Tiananmen Square became a household word here
because of the student discontent around the beginning of June 1989.
Although the tragic event occurred a
generation ago, tourists who now visit
Beijing still link the scenes of tanks
and bloodshed with this historic site.
The portrait of Mao still gazes down on the
square as the nation continues to adhere to
some of his teachings.
I was in Savannah during that period of
I was the President of the Chinese Benevolent Association, an ethnic organization serving
the interests of all Chinese, regardless of
their political views.
We had a cohesive group, comprising of first,
second, and third generation Chinese.
The second or third generation Chinese no
longer knew the language except some broken
Chinese probably grinded into their daily
life, but they had devotion and dedication to
support this organization.
Most of them were shop owners.
In fact, they were the most loyal and
hardworking in our organization.
Often volunteering to do chores the younger generation made excuses to avoid.
The first generation Chinese were immigrants
The first generation Chinese were people
like myself, who originally came here as a
Most of them were from Taiwan and had settled
down in Savannah because of their jobs.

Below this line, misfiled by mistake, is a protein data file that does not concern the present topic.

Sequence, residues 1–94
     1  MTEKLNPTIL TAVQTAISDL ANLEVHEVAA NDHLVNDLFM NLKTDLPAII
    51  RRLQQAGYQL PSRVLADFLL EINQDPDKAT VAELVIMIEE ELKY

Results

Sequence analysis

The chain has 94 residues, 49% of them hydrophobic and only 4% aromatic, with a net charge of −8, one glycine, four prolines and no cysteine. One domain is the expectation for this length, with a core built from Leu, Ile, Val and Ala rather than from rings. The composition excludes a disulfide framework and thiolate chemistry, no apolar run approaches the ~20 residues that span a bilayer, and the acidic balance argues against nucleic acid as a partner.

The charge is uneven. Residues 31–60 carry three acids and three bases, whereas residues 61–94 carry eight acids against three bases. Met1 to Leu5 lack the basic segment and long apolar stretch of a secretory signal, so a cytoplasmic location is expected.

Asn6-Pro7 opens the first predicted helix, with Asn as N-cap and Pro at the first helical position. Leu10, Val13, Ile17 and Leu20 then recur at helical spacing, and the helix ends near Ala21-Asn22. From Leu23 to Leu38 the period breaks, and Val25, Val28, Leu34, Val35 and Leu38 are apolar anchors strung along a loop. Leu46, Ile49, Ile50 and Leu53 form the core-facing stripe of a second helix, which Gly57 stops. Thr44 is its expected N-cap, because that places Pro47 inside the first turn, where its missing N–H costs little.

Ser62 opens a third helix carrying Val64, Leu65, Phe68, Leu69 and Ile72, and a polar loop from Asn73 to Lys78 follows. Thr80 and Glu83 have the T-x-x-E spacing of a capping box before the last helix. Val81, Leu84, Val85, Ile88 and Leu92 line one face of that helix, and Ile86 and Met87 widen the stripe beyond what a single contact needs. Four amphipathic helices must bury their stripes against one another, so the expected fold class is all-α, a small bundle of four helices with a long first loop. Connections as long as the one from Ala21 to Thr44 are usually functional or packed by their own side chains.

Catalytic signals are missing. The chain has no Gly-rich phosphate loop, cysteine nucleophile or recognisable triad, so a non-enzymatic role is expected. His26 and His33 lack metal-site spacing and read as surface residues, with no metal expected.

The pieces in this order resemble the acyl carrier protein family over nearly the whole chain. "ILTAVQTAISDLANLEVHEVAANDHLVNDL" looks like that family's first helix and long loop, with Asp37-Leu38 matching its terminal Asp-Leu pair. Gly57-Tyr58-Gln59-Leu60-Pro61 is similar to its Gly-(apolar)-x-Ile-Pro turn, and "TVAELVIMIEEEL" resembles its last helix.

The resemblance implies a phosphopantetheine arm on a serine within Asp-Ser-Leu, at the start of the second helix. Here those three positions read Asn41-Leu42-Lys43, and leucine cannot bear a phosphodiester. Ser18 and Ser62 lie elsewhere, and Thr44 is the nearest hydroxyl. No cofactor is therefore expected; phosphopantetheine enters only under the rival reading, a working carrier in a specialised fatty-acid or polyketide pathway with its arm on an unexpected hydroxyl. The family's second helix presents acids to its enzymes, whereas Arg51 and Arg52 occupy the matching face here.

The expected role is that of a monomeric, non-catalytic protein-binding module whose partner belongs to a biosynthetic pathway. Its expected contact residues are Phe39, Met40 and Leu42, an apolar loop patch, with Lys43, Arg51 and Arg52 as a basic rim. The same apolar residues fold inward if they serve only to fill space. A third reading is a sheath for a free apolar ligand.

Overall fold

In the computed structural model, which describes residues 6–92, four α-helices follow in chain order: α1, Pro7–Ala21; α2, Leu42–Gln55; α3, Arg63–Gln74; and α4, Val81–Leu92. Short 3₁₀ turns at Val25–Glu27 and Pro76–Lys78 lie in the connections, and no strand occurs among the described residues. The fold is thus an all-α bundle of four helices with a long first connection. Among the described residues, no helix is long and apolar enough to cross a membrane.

The newcomers came mostly from China mainland
after the open door policy.
They wanted to have a good time with other
Chinese but shirked from the mundane tasks
and financial responsibilities that came
with our organization.
Sometimes, when conflict of interests and
arguments arose, it required my diplomatic
tact to quell the tense moments.
On the Tiananmen issue, though, there was no controversy among us.
I was able to air the Chinese Benevolent Association's opinion on local television news.
Of course, we were with the students all the way.
We were glued to the television sets everyday
that month, hoping for a miracle to happen.
In the end, we were dejected and disappointed
at the brutal handling of the event by the regime.
Americans were enraged.
Everyday, the front page of the newspaper
detailed the aftermath of the massacre.
Just when everyone's motion was at its peak,
a container ship carrying a married couple
of Chinese descent landed in Savannah.
They were stow-aways without any documentation.
They had hid in a ship compartment when it left Hongkong.
Several days after debarkation, they had appeared before the ship crew begging for food.
Since Savannah was the ship's first port of
call, the captain dutifully handed them over
to the U.S. immigration officers here.